An account of the genealogy* of Jesus the Messiah,* the son of David, the son of Abraham. 2 Abraham was the father of Isaac, and Isaac the father of Jacob, and Jacob the father of Judah and his brothers, 3and Judah the father of Perez and Zerah by Tamar, and Perez the father of Hezron, and Hezron the father of Aram, 4and Aram the father of Aminadab, and Aminadab the father of Nahshon, and Nahshon the father of Salmon, 5and Salmon the father of Boaz by Rahab, and Boaz the father of Obed by Ruth, and Obed the father of Jesse, 6and Jesse the father of King David.
And David was the father of Solomon by the wife of Uriah, 7and Solomon the father of Rehoboam, and Rehoboam the father of Abijah, and Abijah the father of Asaph,* 8and Asaph* the father of Jehoshaphat, and Jehoshaphat the father of Joram, and Joram the father of Uzziah, 9and Uzziah the father of Jotham, and Jotham the father of Ahaz, and Ahaz the father of Hezekiah, 10and Hezekiah the father of Manasseh, and Manasseh the father of Amos,* and Amos* the father of Josiah, 11and Josiah the father of Jechoniah and his brothers, at the time of the deportation to Babylon.
12 And after the deportation to Babylon: Jechoniah was the father of Salathiel, and Salathiel the father of Zerubbabel, 13and Zerubbabel the father of Abiud, and Abiud the father of Eliakim, and Eliakim the father of Azor, 14and Azor the father of Zadok, and Zadok the father of Achim, and Achim the father of Eliud, 15and Eliud the father of Eleazar, and Eleazar the father of Matthan, and Matthan the father of Jacob, 16and Jacob the father of Joseph the husband of Mary, of whom Jesus was born, who is called the Messiah.* 17 So all the generations from Abraham to David are fourteen generations; and from David to the deportation to Babylon, fourteen generations; and from the deportation to Babylon to the Messiah,*fourteen generations. (Matthew 1: 1-17)
So, have you ever read those verses? Or have you just skipped over them to get to Joseph’s dream and get the show on the road? Have you just skipped over them to get to the beginning of the story? Oh, drat…you missed the beginning of the story! The writer known as Matthew is so careful to include it, so careful to bring all that came before into the story so that there is no doubt who Jesus is. More importantly, there is no doubt who these generations upon generations of God’s children are. Jesus did not just drop out of the sky like some sort of divine UPS package. God did not come into the world as Emmanuel, as “God-with-us”, separate from who we are. God came into our midst—not our beginning—our midst. God came into the midst of who we are. God came into our messy and chaotic lives and made a home. God came to Abraham and to Aram; God came to Aminadab and Boaz; God came to some guy named Salathiel, a no-name Bible character that had a life, that followed God and worshipped and got up and went to work to support his family so that Zerubbabel, who we also don’t know, could have a life. God came to Sarah and Rebekah and Rachel and Tamar and Ruth and Mary and about 36 other women because regardless of whether or not the Scriptures named their name, they were called and responded and walked the journey that we continue.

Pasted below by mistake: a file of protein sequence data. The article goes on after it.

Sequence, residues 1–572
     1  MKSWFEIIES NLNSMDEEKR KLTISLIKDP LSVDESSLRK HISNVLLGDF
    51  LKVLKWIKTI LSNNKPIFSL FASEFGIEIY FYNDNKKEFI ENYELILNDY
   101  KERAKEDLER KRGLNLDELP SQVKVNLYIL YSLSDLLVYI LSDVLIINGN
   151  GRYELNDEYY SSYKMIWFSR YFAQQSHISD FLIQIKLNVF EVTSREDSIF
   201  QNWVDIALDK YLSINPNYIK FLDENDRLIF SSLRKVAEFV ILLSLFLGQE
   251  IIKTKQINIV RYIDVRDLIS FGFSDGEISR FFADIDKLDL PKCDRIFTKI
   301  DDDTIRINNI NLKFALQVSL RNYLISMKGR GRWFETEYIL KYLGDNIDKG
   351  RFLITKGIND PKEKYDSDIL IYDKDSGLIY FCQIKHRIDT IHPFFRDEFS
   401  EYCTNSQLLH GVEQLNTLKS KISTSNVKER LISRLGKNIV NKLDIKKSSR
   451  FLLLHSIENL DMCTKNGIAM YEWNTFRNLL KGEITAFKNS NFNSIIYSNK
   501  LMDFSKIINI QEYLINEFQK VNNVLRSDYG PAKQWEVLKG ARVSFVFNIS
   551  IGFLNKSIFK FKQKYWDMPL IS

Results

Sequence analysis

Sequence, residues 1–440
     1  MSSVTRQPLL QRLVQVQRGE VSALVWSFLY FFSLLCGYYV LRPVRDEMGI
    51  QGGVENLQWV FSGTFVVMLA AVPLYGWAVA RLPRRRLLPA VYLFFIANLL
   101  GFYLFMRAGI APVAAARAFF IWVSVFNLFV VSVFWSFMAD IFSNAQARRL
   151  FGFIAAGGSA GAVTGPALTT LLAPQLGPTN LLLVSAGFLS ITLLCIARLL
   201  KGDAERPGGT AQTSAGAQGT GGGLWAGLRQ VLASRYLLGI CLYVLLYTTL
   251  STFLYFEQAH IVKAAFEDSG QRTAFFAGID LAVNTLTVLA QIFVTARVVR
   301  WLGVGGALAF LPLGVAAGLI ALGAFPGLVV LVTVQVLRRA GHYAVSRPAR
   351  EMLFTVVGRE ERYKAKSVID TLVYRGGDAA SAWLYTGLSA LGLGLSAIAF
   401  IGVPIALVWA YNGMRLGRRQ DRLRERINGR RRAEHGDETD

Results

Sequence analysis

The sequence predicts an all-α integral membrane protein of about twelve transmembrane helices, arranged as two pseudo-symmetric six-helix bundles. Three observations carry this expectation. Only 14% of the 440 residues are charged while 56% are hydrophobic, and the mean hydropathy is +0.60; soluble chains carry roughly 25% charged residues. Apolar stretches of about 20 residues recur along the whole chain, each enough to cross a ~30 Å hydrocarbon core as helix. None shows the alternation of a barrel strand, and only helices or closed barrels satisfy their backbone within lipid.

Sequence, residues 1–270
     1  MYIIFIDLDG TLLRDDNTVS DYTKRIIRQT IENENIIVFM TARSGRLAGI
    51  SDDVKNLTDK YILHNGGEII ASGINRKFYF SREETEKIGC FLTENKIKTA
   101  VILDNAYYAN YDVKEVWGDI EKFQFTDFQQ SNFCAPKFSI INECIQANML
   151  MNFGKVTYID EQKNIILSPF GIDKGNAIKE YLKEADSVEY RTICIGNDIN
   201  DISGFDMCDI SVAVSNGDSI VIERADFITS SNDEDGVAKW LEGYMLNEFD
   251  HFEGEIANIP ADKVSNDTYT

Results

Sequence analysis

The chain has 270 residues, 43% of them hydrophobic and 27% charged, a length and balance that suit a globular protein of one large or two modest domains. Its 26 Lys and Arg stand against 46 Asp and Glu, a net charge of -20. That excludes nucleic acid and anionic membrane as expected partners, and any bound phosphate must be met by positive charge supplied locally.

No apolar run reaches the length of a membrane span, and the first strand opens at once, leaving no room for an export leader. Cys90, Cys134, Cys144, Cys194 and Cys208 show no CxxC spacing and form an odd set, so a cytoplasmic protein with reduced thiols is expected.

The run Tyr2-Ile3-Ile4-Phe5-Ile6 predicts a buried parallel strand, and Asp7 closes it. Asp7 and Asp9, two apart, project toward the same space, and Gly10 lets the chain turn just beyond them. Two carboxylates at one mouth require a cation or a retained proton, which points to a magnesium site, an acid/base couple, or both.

This story, this story of God and how God came to be in our midst is our story. And though we often spend a good part of Advent looking ahead, waiting, waiting, waiting, the story has been happening all along. Advent reminds us that we are not waiting for the story to happen but rather entering a story that is and will be forevermore.
I have a certain fascination of my ancestry. It is a way of connecting to who I am. It is a way of discovering who I am meant to be and what it is I am called to carry for a while and then hand off to those that come after me. I have not been fortunate enough to have children of my own (except a couple of black labs). But these lines of generations are not single strands. They are awkward and messy and unwieldy and sometimes hard to read and follow. Perhaps God made them a little murky so that we would be reminded that we are all connected. We are all children of God, walking our leg of the journey until we cannot walk anymore. And in that moment, God picks us up and carries us home. We are not the story but the story is incomplete without us. God called Abraham…and on and on and on…and then God called you.
THIS Advent, be reminded not just of what happened 2,000 years ago but rather the story that would not be complete without you, the story of God in your midst.
Home is where your story begins. (Annie Danielson)
FOR TODAY: Pray for those that came before you. Pray for those that will come after you. Be the story. Tell the story.
Grace and Peace,
One thought on “Into Our Midst”
As is true with the family tree of Jesus, if we trace our lineage back through several generations we have common ancestors. There does exist the tree of life with a common root system.